So say Mike Rizzo’s on the up and up in this article, and the Washington Nationals really aren’t going to cave to the demands of Scott Boras and his client Prince Fielder. Where does that leave the Nats?
Well, frankly, right where they started. Still looking for a center fielder and upgrades to the bench. And starting a domino effect throughout the Nats roster.
If we assume Fielder does not reduce his demands, and signs an 8-to-10 year contract elsewhere, that leaves Adam LaRoche and his surgically repaired left shoulder as the everyday first baseman. Forget Rizzo insisting LaRoche is a “25 home runs, 85-100 RBI” guy — numbers barely average for full-time first baseman, by the way. He’s only been able to accomplish those numbers in three of his eight full big league seasons. Besides, RBIs are solely a product of the players around him in the lineup.
LaRoche has accumulated 6.9 WAR in his career, which even takes into consideration his above-average defense. Fielder provided 5.2 WAR just last season, as a base of reference. We’ll give LaRoche the benefit of the doubt and say that as a MLB regular he has been worth about 1.0 WAR per season. Emphasis on “has been”, because we don’t know what he’s going to be worth this season recovering from injury.
If LaRoche is at first, last year’s breakout player Michael Morse goes back to left field, where he is a significantly less-than adequate defensive player. If you have Fielder’s offense at first base, you can live with giving a few runs back on defense. But with LaRoche’s barely-average numbers, Morse’s value is reduced that much more by his play in the field. For all the noise about Morse emerging, he was only worth 3.0 WAR, losing almost a full point due to his lousy defense.
The question then becomes, do you rush Bryce Harper to the Major Leagues for opening day if you don’t sign Fielder or trade for a full-time, lead-off center fielder? At that point, is it worth a) the risk to Harper’s development; and b) forfeiting a year of arbitration? Probably not, as tempting as that might be.
Then, take into consideration Stephen Strasburg’s surgically repaired right elbow and the fact he’ll be limited to roughly 150-160 innings as Jordan Zimmermann was last season, effectively ending his season just as any playoff race was truly heating up, and that just further reinforces the idea that the Nats should use 2012 as another building year, and not blow the budget on one player. I’m not advocating that, I’m just pointing it out for when/if it happens.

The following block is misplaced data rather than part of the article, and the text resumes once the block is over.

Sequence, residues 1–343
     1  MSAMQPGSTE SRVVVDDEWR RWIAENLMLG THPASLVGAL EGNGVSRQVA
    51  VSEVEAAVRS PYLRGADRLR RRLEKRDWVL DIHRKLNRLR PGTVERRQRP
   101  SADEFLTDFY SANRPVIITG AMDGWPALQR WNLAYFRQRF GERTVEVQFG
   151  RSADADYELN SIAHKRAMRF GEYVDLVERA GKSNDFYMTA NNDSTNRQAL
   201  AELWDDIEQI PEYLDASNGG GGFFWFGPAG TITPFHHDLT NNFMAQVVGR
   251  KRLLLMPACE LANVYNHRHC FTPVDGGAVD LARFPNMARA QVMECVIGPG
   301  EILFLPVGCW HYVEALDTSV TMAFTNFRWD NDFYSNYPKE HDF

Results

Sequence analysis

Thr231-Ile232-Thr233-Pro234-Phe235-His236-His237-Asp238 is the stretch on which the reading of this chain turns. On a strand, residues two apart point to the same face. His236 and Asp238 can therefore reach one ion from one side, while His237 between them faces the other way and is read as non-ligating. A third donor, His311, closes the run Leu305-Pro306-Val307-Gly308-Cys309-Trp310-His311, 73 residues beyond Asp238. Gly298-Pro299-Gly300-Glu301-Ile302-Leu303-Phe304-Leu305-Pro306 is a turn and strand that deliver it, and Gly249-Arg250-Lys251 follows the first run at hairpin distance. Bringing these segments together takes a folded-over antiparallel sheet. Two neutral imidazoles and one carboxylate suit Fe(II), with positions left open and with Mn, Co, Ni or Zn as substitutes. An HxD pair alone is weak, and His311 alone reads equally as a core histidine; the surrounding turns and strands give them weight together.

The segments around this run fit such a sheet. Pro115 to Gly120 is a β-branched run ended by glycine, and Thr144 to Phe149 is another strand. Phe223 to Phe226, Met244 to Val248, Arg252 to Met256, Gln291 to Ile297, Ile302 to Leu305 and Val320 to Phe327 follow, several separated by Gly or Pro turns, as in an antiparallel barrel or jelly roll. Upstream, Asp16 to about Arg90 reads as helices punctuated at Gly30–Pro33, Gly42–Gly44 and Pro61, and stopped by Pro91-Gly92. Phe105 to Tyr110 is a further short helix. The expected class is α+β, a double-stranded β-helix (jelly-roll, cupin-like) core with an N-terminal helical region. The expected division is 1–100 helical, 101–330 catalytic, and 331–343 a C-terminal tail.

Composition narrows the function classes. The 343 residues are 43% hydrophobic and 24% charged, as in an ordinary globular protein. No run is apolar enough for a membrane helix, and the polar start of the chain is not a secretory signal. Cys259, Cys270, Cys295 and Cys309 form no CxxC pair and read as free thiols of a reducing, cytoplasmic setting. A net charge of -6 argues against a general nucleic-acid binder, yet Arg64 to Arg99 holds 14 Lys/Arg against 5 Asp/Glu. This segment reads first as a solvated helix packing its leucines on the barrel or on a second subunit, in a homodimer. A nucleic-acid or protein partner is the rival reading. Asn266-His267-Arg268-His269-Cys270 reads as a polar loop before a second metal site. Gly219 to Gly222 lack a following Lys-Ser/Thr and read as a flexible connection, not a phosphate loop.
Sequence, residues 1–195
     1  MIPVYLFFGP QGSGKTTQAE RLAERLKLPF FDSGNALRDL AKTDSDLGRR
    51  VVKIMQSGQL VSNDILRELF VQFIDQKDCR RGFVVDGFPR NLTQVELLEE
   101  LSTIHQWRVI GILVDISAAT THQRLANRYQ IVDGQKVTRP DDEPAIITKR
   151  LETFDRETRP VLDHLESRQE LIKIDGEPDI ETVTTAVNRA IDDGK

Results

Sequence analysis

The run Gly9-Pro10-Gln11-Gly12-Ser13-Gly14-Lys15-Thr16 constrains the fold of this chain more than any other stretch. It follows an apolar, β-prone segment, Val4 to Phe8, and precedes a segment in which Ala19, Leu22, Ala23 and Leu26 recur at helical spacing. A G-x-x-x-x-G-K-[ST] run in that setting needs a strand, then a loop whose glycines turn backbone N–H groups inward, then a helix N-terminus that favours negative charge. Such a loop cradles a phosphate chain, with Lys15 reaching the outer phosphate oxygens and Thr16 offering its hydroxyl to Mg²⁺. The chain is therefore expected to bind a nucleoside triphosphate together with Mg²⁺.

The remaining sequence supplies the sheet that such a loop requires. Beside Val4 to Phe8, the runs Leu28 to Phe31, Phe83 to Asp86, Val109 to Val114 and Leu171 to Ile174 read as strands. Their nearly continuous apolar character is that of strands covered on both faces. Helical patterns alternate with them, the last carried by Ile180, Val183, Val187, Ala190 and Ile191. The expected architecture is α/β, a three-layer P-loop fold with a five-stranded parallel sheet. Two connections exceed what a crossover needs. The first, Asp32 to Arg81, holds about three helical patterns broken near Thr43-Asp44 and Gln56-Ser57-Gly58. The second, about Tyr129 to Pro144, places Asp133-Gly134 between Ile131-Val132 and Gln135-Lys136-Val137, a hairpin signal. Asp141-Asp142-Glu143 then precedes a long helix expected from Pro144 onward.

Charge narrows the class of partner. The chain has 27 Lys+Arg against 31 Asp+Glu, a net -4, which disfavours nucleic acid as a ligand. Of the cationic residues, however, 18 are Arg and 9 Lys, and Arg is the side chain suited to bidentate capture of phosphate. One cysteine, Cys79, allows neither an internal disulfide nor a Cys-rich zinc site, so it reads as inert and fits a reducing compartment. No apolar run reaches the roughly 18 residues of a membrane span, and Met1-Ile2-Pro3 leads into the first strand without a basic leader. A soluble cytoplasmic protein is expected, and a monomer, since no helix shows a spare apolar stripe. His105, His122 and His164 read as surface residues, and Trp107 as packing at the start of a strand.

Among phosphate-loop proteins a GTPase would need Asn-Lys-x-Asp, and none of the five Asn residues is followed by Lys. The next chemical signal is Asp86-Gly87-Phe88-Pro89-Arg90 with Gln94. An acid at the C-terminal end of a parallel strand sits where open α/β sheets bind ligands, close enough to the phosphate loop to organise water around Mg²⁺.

That puts Jayson Werth, and his hideous contract, back into right field, and the Nats searching for options again at center. The in-house, on-the-roster options consist of Roger Bernadina and Mike Cameron, which is convenient since one is a lefty and one is a righty. As backups, both players have some merit. Bernie has a nice blend of pop and speed, and Cameron provides terrific defense. But neither have any plate discipline, nor should either be receiving regular at bats at this point in their careers.
If the Nats were to re-sign Rick Ankiel on the cheap, he’d replace Bernadina in the equation, but the result is the same. Center field would still be a gaping hole in the Nats batting order, lucky to break even at WAR.
There has been a lot of excitement around NatsTown the past week, talking about Fielder. He’s a bona fide star in the league, and his presence would lift everyone around him — in the batting order, in the clubhouse and in the media, both locally and nationally. Signing him would make the Nats the talk of the league. It would make the Nats legitimate contenders for at least a wild-card spot this season.
But if Rizzo sticks to his guns and doesn’t match Fielder’s demands — and fails to find an adequate center fielder — it starts a ripple effect that goes to the very core of the Nats offensive problems, and certainly limits the Nats chances to contend for anything other than third place in the N.L. East again in 2012.